on January 15, 2007
Participate in Pete Babich's huge experience. From a hands on perspective, stressing feasibility, he presents a well structured approach to steering a business unit by Hoshin Planning. The Vision as well as goals, objectives, measurables and strategies are translated into the speech of the internal customer, strategies become clear and well understood incrasing the buy in of all stakeholders in the company.
It's logical, it's based on standards, it stresses results as well as processes, so it's a powerful tool, especially when you're engage in any Change or Lean Management initiative. You won't have to invent the wheel again. I found many useful examples inside the cd. Implementation managers and / or consultants can save a lot of time using the charts in the book, time they might need to convince top management or the entire leadership crew to become familiar with the new Hoshin process. Because what is Hoshin about in the end? It's about leadership!
There is social-cultural side of implementing Hoshin and it is about change. Hoshin and Change Management must go together and Pete Babich gives a lot of implementation tips that help quality process managers and line managers save nerves and even money. In this way, Hoshin can be a success story.
Recently I read an article on Ford's new CEO's Leaderhip Style, which is driven by facts and data (and commitment). The first thought that came into my mind was, he must have read Pete Babich's book.
It's value add!
on March 30, 2013
This book needs an urgent update given the demand for agile strategic and product planning, and advances in the Performance Excellence model topic (see Global Excellence Model Council - GEM) and NIST's Baldrige Performance Excellence framework. The general theme seems to replay business and marketing planning 101 theory, explaining the cascade between vision, values, mission and then of course strategies etc. This can be found in many other highly awesome sources, many of which are cited in the bilbiography.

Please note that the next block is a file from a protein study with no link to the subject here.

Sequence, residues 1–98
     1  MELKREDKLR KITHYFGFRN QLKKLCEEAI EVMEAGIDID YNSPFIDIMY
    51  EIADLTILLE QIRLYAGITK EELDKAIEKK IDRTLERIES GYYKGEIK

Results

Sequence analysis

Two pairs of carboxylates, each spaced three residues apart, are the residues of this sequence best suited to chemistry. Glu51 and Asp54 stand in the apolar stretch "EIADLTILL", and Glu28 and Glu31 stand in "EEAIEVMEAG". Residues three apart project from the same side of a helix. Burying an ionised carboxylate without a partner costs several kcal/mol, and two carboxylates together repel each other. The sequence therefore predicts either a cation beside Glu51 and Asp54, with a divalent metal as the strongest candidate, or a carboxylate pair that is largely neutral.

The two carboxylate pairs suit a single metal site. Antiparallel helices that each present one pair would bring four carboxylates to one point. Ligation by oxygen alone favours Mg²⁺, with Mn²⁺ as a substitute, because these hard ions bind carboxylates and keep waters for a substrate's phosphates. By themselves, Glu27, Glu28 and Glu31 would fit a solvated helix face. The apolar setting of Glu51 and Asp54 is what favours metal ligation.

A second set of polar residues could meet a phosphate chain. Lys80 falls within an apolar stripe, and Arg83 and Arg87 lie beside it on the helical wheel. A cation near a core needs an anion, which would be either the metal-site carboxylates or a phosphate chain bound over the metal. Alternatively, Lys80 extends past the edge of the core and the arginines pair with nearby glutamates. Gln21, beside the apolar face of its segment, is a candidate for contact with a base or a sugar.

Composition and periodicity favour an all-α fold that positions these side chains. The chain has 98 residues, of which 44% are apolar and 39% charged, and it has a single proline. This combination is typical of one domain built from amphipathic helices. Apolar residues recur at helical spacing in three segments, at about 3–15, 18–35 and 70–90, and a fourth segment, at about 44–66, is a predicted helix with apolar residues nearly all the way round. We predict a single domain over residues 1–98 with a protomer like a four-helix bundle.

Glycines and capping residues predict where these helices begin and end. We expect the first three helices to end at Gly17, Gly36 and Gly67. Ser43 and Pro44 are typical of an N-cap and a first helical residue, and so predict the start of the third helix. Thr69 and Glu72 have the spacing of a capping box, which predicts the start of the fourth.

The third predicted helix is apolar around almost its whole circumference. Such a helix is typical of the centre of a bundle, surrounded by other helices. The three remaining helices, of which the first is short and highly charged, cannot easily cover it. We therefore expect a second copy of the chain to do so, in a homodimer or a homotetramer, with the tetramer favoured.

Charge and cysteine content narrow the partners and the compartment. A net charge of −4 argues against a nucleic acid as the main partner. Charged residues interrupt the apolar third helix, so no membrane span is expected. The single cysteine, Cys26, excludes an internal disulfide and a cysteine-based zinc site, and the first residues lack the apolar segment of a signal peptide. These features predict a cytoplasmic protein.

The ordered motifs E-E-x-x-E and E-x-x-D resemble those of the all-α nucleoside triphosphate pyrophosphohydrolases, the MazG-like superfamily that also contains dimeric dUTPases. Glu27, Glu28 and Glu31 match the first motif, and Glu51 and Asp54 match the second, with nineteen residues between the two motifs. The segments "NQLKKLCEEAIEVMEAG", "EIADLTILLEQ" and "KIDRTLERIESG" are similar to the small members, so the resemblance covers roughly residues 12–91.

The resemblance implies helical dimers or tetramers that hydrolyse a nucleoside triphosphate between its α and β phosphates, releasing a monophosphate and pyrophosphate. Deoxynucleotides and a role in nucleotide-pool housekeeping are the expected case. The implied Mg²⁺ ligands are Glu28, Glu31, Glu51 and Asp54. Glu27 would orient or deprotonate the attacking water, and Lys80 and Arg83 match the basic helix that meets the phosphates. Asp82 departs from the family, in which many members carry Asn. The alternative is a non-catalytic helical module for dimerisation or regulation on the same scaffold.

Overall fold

However, I just did not see how its practical given today's flatter management structures to embark on a detailed and lengthy 'Hoshin Planning' exercise that lacks a tangible connection to a continuous improvement or transformation program. How do you keep it current? Also, the problem and root cause analysis examples were at best 'basic'. No indication of how impact drives involvement and propels action. I just don't think an 'annual breakthrough cycle' is plausible in today's high pace economy.
on March 8, 2006
Pete Babich has prepared an excellent Handbook on how to implement a Hoshin Plan. It is clear, concise, and to the point.
Companies that are interested in implementing a Hoshin Plan should definitely add this to their library.
He also includes a CD of Hoshin templates. In my opinion, the value is in the cultural transformation from traditional to Hoshin. Sometime the IT systems and software get in the way of the transformation (we spend too much time worrying about the numbers and not enough time aligning the organization).
Lean Manufacturing Results
on April 21, 2012
This book delivers what promised: explains HOW to make Hoshin work in your company. It is a step by step to make strategy deployment using Hoshin Kanri approach. It is very good if you already have a good knowledge of philosophy and concepts of strategy, because it does not go into these details. The verbiage is perfect and the author goes straight to the point, what is perfect because even very busy people can have it read very fast.